Famous pretend insurance company AIG, responding to popular demand, has released a list of its major structured-finance counterparties — that is, those banks, municipalities and the like that stood to lose the most if AIG had gone under without massive government support last year. New York State was nowhere near the top of the list, nor were other big New York borrowers like the city, the Port Authority, or the MTA.
States were vulnerable to AIG’s failure because they had signed oxymoronic “guaranteed investment contracts” with the company.
That is, after issuing bonds, states would park the money with AIG, which would “guarantee” a certain return on that investment. Had the feds allowed AIG to go financially bankrupt, states would have been creditors to AIG’s estate for any money owed under such contracts.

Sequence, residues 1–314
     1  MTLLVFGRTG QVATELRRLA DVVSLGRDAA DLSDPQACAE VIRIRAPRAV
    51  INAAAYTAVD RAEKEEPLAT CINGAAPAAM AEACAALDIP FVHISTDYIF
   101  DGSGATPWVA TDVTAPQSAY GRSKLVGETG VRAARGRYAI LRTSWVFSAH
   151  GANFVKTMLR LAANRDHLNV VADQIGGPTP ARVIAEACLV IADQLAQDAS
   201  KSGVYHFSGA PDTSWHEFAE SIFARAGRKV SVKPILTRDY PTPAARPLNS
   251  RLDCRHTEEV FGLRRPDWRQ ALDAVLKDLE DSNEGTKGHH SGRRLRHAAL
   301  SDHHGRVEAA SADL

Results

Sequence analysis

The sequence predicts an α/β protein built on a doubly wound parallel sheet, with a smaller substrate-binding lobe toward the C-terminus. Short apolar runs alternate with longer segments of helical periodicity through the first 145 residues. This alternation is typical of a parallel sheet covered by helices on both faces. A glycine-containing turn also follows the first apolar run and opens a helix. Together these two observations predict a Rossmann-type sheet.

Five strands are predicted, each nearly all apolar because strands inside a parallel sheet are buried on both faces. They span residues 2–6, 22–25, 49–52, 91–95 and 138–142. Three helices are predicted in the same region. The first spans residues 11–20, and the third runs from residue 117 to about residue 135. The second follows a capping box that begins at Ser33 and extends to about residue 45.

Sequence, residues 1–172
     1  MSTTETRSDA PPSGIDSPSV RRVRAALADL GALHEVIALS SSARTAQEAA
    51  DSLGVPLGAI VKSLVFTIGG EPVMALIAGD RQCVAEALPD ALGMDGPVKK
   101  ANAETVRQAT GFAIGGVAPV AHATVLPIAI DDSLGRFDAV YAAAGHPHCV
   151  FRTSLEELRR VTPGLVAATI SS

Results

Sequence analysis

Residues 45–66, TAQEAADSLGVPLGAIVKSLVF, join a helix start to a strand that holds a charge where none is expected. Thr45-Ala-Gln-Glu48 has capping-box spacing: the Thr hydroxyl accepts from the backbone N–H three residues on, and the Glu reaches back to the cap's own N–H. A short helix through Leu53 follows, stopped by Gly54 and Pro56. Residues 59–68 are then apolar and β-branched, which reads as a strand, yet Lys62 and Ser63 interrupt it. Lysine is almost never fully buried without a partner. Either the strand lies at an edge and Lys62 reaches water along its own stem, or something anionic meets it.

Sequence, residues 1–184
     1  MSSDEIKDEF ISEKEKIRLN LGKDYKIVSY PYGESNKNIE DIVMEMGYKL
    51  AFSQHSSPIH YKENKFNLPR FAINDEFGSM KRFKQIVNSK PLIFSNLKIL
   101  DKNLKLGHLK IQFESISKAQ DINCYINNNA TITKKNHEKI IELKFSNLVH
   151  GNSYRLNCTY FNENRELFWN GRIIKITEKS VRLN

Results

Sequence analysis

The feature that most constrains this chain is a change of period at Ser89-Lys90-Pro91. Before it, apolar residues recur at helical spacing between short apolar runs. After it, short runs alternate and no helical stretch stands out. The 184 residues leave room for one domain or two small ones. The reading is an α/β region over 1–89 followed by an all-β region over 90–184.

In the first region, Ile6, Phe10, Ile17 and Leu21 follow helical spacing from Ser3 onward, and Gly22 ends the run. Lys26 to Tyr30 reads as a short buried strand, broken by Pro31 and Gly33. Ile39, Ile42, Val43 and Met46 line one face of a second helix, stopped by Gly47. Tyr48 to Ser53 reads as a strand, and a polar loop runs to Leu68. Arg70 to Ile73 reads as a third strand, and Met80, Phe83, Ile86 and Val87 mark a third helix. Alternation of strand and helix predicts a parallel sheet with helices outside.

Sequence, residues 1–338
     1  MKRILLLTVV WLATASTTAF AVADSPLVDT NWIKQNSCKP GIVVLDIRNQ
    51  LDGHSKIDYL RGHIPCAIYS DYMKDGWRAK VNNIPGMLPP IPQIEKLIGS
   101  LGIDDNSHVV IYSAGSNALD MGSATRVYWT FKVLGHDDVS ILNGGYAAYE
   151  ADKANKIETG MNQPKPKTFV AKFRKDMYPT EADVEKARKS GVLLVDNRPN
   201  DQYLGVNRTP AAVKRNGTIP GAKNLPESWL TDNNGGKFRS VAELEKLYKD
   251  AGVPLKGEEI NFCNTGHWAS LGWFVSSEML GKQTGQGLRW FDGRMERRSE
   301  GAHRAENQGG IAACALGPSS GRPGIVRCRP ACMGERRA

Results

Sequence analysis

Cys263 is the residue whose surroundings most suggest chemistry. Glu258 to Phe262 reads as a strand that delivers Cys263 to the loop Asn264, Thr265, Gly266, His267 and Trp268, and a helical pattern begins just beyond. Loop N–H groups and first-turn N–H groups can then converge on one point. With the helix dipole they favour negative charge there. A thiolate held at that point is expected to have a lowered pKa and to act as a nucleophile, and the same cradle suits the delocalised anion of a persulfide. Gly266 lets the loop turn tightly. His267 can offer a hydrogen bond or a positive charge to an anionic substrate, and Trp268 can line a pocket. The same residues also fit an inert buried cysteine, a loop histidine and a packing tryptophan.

California and Virginia had the most to lose, with more than $1 billion each in direct exposure to AIG under the contracts. Hawaii was next, with more than three quarters of a billion at risk.
The Empire State came in at just $210 million. Compare this exposure to that of Goldman Sachs, which stood to lose nearly $13 billion.
It’s good that New York did not risk billions with AIG. Still, though, $210 million is not nothing.
The experience should remind the state that the hefty fees paid to banks and advisers for mysterious financial structures, whether it’s for a “guaranteed return” on a muni-bond issue or a first-loss protection on a public-private partnership venture, aren’t worth it.
Even if structured-finance deals don’t blow up, as AIG’s did, nobody in either the public sector or the private sector seems to understand enough about this stuff to know if his client is getting good value for a taxpayer dollar spent or pledged.